Teatro Paraguas: “We Are Hispanic, American Women … Okay?”
Teatro Paraguas is proud to present “We Are Hispanic, American Women… Okay?” (WAHAWO), by local playwright Patricia Crespín and directed by Alix Hudson, at 7:30 p.m., Thursday – Saturday and 2 p.m., Sunday, Feb. 7 – 24.
Staged 10 years ago to the month by Paraguas, this revival of WAHAWO is a hilarious, heartfelt romp about sisterhood, generational wisdom, and body politics.
The play takes place in matriarch Ramona’s (JoJo Sena de Tarnoff) kitchen, where her grizzled and disillusioned mother (Lilia Urrutia) makes drunken pronouncements with tequila bottle in hand. Ramona is the devout, lovable, overwhelmed caretaker we all know so well; in addition to her husband’s serious illness, her children’s strife with one another is a constant stress to her.
One might think that her youngest, Antonia (Jeni Nelson), a liberal and irreverent rabble rouser, would be the prime culprit; but “perfect daughter” Marissa (Paola Vengoechea Martini) has demons of her own. Besides juggling a restaurant, a load of maternal expectations, and a not-so-clandestine affair, she is the mother to consentida and sarcastic 15-year-old Juanita (Shaunti Sitonik).
The stage is set; over the course of the play, the four generations of women quarrel and explore (in English and Spanglish) what it means to be part of their family, what it means to be a Latina in this day and age, and… whether tequila is tasty or is just a good way to empezar la borrachera.
Patricia Crespín, a writer, actor, director, and producer, holds a Master of Fine Arts degree in Dramatic Writing from the University of New Mexico. A native of northern New Mexico, she founded Wize Latina Productions to produce theatre and film works that speak to and for the Latino community, using bold and innovative techniques. Her award-winning work The Medea Complex was presented at the National Hispanic Cultural Center in 2011; a later work, The Sad Room, was part of the Center’s Siembra: Latino Theatre Season in 2015. She describes the script of El Corrido de Jorge (produced by Wize Latina Productions at NHCC in 2018) as the song, or corrido, that the title implies—embedded in old Mexican folk tales, with music playing a central role. Crespín’s hope is to become a voice for the people of New Mexico, where, as she says, “the culture is rich, the people are beautiful, the land is breathtaking, and the language is its own entity.”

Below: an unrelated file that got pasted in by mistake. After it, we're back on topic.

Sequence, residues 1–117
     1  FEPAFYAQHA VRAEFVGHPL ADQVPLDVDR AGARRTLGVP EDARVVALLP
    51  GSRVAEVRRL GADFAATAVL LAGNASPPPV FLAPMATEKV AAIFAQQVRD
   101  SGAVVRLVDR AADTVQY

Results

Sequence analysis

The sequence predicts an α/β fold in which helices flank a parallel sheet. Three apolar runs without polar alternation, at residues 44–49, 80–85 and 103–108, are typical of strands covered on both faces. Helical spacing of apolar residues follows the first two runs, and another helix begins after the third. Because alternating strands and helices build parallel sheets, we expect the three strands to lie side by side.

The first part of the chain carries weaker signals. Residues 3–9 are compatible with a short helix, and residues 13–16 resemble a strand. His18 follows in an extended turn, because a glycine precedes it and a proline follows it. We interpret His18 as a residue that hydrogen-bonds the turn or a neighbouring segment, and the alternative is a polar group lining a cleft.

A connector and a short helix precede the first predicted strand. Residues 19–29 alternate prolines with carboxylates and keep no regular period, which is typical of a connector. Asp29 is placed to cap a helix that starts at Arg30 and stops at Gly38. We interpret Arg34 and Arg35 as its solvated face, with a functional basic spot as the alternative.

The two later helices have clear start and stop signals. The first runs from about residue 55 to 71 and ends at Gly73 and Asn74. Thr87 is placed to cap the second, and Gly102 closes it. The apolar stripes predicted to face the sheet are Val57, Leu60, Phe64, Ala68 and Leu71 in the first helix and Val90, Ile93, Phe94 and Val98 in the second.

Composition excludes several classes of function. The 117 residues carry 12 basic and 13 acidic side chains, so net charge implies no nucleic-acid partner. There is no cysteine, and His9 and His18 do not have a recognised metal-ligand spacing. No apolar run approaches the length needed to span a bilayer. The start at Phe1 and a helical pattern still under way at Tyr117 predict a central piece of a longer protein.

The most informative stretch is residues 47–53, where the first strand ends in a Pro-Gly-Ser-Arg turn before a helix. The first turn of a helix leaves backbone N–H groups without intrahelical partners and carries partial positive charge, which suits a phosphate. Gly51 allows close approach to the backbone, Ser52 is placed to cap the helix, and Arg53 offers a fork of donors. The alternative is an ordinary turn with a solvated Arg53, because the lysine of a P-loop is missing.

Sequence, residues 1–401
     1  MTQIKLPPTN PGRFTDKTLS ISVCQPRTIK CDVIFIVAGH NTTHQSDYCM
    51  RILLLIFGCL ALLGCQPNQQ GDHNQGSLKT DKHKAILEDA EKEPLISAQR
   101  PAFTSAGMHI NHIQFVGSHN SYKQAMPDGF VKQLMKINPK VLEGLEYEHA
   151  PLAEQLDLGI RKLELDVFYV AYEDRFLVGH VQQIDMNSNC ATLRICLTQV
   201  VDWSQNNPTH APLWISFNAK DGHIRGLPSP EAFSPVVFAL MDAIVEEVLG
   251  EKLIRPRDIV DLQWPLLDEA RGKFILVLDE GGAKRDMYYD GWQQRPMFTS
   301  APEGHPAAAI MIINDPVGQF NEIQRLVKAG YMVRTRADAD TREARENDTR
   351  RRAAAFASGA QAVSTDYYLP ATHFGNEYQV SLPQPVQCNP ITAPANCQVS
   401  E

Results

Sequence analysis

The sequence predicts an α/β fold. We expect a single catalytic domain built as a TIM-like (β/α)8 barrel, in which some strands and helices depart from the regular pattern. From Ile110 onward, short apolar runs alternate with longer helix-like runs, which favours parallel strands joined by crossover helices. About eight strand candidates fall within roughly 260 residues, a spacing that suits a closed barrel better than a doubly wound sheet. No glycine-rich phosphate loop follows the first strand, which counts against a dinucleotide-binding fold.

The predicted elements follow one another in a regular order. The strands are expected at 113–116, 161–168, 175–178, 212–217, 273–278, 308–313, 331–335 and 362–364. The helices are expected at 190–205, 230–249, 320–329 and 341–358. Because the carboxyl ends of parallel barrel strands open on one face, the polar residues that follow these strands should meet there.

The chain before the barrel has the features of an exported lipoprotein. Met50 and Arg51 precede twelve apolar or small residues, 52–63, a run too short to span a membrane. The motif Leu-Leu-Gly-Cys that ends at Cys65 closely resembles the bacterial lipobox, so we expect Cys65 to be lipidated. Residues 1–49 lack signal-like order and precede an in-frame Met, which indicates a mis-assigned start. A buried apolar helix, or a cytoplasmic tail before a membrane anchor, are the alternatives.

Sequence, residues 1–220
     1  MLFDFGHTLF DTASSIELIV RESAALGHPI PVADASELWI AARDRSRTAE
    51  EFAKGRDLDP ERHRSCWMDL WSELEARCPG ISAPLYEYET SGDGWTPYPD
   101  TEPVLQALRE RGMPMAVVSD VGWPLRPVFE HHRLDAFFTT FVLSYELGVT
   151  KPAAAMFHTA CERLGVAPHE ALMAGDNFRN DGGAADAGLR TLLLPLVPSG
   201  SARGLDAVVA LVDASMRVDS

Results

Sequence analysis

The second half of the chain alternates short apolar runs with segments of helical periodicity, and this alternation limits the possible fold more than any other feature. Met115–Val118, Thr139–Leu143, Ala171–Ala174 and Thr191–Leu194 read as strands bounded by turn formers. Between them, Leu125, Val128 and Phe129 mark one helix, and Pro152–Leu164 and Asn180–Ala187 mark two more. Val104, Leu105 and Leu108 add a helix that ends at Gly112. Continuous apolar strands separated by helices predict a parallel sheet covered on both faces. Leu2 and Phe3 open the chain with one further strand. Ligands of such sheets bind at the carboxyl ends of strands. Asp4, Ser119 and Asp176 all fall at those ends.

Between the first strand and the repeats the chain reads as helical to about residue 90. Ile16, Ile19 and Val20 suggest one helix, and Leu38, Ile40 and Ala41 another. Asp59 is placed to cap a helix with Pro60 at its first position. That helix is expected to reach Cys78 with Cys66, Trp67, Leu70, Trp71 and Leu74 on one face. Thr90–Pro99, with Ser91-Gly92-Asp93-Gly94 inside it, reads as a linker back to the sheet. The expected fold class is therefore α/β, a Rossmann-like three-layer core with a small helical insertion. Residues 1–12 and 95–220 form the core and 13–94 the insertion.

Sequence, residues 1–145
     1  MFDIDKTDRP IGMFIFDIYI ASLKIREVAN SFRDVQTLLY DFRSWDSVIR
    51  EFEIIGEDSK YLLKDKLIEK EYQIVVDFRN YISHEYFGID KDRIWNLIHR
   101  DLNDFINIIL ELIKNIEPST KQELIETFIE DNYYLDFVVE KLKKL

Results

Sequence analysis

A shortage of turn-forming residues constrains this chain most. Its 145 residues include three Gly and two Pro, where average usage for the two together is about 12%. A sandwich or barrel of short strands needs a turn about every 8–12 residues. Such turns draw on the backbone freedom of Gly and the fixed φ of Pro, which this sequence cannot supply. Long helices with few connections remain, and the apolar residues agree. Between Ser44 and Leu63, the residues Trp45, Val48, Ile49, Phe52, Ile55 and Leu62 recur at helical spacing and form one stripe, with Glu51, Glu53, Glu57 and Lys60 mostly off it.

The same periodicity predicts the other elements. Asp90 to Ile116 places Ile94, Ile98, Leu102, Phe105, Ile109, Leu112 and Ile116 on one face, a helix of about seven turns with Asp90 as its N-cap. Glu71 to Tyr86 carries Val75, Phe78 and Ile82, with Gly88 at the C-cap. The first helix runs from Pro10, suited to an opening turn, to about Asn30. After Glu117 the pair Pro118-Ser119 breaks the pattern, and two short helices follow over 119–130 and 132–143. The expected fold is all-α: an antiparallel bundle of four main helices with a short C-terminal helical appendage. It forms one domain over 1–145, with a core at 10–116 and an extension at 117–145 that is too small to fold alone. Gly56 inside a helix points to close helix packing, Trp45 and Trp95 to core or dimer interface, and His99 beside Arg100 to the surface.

(Bio from New Mexico Department of Cultural Affairs)
The Medea Complex was co-produced by Teatro Paraguas and Midnite’s Child Productions and presented at Teatro Paraguas as well as the Hispanic Cultural Center in 2011. Teatro Paraguas also produced Patricia Crespin’s play Las Tres Pigetitas y el Diablo the Wolf in 2009.